McLaren has become the first team to reveal its 2021 car; the Mercedes-powered MCL35M launched on Monday evening by Lando Norris and new arrival Daniel Ricciardo.
The car’s name is a sign of the evolution from last year’s MCL35, as much of the chassis has been frozen as part of a cost-cutting exercise amid the COVID-19 pandemic. However, due to McLaren’s switch to Mercedes power – hence the additional ‘M’ in the name – the team believes it has the most different car on the grid compared to its rivals.
The MCL35M is the first car to show a glimpse of the changes that were required at the rear of the 2021 cars; the technical regulations having been modified in this area to reduce downforce. Under the similar papaya and blue livery to that of its predecessor, technical director James Key says the car has a lot of differences from an architectural point of view, some of which were slightly restrictive.
“A lot of the components involved in the engine installation were frozen at the beginning of last season, when it actually began,” Key said. “So that obviously put us in a bit of a spot, but of course there were allowances for that.
“It meant we had to undertake what is a very different installation. Every installation is really quite different – there’s not one solution to how these power units are laid out; all the sizing of the various components can affect the car’s architecture. So, what we needed to try and do was respect the homologation process by not changing things that didn’t need to change in line with installing the engine, but clearly making the changes we needed to with homologated parts.
“So that allowed us to change the chassis, which of course has to change with a new engine and energy store. Aspects of the gearbox (changed) for packaging purposes, but after that it’s all identical to last year. The electrical system is completely different; of course the cooling system, well that’s going to be largely homologated this year. The cooling systems are totally different as well.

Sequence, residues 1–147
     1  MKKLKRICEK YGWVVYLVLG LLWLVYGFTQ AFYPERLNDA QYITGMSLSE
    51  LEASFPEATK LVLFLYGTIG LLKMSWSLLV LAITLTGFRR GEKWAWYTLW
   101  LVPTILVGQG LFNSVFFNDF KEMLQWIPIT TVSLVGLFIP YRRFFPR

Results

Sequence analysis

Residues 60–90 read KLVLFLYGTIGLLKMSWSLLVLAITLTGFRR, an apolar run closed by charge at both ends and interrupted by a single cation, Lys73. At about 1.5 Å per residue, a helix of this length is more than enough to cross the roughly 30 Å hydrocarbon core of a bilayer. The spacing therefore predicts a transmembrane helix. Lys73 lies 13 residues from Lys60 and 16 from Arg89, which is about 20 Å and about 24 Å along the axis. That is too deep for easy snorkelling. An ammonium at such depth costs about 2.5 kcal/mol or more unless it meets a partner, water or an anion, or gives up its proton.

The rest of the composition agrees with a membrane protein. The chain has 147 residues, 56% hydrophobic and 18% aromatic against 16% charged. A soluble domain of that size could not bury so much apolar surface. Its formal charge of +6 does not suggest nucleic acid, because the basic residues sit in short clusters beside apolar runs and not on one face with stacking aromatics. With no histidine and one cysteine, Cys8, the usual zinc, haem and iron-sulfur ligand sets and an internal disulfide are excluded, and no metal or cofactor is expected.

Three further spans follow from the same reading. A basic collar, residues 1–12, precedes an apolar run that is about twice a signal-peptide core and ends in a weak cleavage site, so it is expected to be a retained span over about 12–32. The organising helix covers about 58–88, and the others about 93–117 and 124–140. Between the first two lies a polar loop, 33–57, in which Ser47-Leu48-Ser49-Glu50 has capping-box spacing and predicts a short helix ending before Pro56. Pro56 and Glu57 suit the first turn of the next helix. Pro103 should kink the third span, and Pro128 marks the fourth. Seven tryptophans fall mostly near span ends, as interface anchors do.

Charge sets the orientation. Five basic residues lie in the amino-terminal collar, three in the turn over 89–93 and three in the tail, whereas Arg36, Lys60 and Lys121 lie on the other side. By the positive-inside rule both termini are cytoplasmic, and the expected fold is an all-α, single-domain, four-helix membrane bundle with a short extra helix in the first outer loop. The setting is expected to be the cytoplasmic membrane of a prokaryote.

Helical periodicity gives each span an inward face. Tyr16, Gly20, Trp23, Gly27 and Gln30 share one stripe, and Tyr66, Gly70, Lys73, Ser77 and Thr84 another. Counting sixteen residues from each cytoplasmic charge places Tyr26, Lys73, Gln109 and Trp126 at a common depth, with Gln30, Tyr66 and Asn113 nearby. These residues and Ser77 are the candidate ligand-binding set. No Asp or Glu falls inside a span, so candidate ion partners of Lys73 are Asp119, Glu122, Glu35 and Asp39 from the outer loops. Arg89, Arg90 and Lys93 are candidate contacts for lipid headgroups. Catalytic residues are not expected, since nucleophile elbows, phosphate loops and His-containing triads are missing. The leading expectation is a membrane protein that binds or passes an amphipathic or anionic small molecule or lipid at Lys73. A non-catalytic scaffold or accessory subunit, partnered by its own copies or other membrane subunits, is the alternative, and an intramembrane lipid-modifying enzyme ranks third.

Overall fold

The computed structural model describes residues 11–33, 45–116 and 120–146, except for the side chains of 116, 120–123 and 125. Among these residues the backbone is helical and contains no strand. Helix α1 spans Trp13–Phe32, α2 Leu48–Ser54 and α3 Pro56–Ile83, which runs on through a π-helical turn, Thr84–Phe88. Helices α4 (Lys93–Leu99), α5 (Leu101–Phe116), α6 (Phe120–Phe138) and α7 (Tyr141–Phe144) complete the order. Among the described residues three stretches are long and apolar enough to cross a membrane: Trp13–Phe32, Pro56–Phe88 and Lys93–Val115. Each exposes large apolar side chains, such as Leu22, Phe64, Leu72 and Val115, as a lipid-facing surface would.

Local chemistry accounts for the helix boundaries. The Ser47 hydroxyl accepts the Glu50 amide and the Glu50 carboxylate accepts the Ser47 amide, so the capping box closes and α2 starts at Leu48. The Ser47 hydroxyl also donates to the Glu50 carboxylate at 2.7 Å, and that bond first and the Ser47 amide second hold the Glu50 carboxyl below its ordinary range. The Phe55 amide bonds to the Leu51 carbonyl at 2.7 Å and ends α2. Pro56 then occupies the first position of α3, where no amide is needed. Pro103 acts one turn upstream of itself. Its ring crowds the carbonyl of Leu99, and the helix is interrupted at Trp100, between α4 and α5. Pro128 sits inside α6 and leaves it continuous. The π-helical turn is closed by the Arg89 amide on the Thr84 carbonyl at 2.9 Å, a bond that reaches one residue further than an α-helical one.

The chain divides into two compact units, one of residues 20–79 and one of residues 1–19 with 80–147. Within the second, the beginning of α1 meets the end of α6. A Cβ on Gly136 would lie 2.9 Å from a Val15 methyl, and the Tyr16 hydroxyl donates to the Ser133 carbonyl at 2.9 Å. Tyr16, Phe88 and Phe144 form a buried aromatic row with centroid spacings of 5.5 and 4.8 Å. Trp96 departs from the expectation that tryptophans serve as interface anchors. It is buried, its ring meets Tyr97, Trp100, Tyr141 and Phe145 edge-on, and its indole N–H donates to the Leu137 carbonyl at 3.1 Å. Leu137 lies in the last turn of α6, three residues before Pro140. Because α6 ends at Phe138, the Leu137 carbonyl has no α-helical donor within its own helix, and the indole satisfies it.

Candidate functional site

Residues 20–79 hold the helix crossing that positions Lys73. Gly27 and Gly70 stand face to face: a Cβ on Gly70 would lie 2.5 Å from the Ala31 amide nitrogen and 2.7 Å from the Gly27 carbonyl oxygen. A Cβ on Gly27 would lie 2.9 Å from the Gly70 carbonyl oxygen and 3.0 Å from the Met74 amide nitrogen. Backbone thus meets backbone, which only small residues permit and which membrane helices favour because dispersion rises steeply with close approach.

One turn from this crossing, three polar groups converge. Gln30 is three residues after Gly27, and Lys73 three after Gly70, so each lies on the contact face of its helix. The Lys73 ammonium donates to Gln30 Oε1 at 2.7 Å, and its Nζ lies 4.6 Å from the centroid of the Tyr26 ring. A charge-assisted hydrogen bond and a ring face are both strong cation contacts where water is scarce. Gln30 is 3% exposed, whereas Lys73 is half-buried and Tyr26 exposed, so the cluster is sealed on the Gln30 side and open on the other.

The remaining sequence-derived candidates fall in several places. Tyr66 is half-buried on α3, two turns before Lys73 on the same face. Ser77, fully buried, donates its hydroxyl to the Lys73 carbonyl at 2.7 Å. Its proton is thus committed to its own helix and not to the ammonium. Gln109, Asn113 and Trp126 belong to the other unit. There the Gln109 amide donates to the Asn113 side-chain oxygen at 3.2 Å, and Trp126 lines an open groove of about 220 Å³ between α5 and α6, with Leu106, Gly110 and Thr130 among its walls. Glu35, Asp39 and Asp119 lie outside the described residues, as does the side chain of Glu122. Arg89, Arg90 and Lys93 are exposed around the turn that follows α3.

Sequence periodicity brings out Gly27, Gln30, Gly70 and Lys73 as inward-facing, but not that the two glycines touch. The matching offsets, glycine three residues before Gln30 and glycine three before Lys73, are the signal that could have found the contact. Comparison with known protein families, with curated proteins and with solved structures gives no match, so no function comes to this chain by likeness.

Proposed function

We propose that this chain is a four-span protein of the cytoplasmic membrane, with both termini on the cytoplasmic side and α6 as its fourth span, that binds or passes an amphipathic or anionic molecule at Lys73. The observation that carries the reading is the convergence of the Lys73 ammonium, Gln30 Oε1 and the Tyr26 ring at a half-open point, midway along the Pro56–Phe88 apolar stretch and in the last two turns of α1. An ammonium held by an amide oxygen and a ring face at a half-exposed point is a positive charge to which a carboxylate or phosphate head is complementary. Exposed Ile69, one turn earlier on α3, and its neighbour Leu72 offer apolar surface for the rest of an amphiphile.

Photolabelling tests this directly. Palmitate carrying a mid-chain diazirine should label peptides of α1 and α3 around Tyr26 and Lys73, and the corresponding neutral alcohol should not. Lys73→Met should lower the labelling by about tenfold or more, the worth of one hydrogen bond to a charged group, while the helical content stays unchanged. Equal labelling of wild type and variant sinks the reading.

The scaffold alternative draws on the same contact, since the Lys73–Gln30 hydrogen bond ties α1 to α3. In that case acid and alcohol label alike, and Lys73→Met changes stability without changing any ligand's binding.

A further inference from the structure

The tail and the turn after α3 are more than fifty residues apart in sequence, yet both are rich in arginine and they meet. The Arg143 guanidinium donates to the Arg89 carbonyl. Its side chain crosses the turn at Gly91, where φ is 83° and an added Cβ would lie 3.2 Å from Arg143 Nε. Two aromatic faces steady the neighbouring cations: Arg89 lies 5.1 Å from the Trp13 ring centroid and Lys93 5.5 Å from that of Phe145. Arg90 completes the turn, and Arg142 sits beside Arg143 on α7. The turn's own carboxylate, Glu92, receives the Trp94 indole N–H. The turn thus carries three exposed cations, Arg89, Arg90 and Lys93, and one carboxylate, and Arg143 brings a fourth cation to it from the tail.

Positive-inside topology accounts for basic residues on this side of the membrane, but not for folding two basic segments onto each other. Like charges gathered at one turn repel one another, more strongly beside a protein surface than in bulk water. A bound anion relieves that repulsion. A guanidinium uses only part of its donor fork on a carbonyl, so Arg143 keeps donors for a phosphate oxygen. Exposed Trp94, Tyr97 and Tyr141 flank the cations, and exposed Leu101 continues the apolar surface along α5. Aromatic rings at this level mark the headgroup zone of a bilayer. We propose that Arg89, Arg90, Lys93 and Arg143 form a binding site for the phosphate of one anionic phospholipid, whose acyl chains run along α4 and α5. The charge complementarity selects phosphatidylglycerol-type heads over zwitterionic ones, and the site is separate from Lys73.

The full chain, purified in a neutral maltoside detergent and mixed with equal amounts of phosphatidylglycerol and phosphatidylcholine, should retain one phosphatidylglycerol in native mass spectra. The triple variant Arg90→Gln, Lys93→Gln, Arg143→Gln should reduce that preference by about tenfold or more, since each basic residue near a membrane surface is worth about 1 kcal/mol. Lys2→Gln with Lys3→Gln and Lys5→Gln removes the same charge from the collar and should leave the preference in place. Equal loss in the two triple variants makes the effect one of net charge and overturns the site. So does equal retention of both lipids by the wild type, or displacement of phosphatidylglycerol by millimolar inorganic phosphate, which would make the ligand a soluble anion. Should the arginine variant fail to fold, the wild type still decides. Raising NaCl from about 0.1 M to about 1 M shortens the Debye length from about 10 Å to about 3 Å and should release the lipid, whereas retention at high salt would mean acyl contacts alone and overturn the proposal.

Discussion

“Fundamentally the architecture of the car is quite different but the homologated areas of the car which we needed to stick to are as unaffected as possible. Amongst all the other challenges of trying to get this done, it added an extra dimension which provably led to a slightly sub-optimal approach compared to what you do if you’re completely free. But I don’t think it was that much of a compromise.”
The car will run for the first time on Tuesday in a shakedown at Silverstone, where both Ricciardo and Norris are scheduled to drive, and the Australian says it has been a long wait to officially start work with his new team.
“It’s great to have finally joined the team after what feels like an age since we confirmed it last May,” Ricciardo said. “I’m thrilled to be a McLaren driver and super-keen to get started. McLaren has been on an awesome journey over the last few years, and I’m looking forward to helping the team maintain this positive momentum.
“I’ve been spending the last few weeks here in the UK getting fully integrated into the team so that we’re as prepared as possible for the start of the season. I’ve had such a warm welcome from everyone I’ve met and there’s a real sense of unity and focus around the factory, and a lot of excitement!”